1145 20 Years of Tracer Transport Studies: Challenges and Implications for Flux Inversions

Wednesday, 10 January 2018
Exhibit Hall 3 (ACC) (Austin, Texas)
Brad Weir, NASA/GSFC/USRA, Greenbelt, MD; and S. Basu, A. Jacobson, A. Schuh, L. Ott, and S. Pawson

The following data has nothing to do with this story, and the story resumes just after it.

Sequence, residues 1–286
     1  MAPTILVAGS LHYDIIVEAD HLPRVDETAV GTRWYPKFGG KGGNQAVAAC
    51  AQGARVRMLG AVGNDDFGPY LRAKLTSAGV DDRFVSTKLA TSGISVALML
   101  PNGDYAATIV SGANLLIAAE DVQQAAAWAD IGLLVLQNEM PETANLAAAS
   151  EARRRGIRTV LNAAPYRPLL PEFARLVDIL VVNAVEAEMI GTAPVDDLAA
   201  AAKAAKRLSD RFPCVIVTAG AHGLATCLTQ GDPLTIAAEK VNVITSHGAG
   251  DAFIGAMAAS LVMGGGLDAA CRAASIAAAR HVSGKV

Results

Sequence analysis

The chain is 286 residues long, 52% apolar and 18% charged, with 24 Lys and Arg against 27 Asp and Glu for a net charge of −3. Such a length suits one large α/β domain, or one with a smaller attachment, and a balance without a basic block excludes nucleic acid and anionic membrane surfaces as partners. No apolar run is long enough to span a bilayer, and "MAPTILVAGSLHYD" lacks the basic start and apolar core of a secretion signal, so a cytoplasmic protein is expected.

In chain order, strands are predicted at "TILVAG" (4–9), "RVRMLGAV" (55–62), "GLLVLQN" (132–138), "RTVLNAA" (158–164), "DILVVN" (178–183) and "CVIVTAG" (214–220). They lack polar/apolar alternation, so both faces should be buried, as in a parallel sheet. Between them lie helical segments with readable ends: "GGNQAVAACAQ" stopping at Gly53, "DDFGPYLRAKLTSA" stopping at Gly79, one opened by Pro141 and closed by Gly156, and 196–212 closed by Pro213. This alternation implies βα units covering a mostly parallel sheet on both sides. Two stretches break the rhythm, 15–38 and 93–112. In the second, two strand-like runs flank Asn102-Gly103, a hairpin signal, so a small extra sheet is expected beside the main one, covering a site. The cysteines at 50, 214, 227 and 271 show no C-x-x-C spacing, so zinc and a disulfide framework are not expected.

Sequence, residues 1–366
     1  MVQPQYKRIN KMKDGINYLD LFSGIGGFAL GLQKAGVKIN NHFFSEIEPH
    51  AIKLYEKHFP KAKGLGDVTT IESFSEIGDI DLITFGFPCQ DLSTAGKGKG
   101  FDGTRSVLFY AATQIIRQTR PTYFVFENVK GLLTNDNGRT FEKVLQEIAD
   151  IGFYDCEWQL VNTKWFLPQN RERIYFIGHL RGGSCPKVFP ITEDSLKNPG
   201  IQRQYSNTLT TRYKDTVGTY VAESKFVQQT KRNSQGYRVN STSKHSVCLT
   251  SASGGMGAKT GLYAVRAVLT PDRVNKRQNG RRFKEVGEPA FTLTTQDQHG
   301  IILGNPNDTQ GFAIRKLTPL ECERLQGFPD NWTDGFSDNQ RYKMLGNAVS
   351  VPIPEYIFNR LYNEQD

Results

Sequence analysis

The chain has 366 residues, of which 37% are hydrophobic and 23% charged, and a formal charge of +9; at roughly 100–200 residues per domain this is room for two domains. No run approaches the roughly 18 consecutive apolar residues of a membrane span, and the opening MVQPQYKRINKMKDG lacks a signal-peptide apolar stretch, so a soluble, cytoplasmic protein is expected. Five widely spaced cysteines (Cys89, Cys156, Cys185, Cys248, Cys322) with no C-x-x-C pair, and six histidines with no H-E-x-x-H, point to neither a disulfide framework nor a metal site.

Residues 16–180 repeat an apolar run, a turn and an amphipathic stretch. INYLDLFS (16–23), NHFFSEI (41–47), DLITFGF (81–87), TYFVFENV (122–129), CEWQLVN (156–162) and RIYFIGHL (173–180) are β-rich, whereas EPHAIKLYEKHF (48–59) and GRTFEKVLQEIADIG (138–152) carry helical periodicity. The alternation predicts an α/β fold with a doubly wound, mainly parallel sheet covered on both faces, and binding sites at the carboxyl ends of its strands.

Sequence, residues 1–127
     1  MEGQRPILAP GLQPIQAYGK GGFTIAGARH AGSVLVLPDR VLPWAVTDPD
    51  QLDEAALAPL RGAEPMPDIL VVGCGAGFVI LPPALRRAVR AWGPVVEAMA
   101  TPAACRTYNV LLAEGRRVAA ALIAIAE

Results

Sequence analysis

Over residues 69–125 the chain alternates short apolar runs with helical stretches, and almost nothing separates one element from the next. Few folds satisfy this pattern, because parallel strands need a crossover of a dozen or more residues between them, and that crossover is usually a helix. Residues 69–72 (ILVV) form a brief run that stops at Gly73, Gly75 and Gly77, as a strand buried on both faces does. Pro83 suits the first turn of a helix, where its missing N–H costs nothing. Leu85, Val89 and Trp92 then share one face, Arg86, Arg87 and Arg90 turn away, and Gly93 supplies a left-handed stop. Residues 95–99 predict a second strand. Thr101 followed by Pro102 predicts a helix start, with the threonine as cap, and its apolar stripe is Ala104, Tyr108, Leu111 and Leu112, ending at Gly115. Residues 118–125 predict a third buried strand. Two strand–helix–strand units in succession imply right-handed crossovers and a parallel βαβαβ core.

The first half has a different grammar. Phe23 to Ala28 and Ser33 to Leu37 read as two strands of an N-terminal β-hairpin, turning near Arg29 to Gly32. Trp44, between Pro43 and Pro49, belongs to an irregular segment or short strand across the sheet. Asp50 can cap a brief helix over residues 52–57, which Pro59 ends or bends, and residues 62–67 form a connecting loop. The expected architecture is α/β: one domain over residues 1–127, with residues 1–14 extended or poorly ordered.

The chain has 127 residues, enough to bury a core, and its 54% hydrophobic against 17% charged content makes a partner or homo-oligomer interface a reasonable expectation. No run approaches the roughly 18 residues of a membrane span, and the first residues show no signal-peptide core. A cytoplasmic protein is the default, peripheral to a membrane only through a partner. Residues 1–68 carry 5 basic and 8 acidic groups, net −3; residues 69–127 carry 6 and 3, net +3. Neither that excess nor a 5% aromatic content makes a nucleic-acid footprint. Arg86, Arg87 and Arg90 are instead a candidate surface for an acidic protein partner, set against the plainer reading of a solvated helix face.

This presentation demonstrates that different chemistry transport models (CTMs), each extensively validated, can have significant differences in the predicted transport of long-lived trace gases. For carbon dioxide (CO2), this difference is 0.5 ppm or greater in the total column, The value exceeds the nominal retrieval error requirements of the Total Carbon Column Observing Network (TCCON) and the Orbiting Carbon Observatory 2 (OCO-2), which were chosen based on the understanding of the accuracy necessary to infer surface fluxes of CO2 on regional and seasonal scales. This suggests that the transport errors of CTMs play a considerable role in the surface flux inversion of satellite-based measurements of long-lived trace gases and the interpretation of the inferred fluxes requires a careful understanding of this role. Here, we use observations of sulfur hexafluoride (SF6) to evaluate the transport models, in particular their vertical and horizontal gradients, in an effort to ultimately reduce the uncertainty in CO2 predictions.
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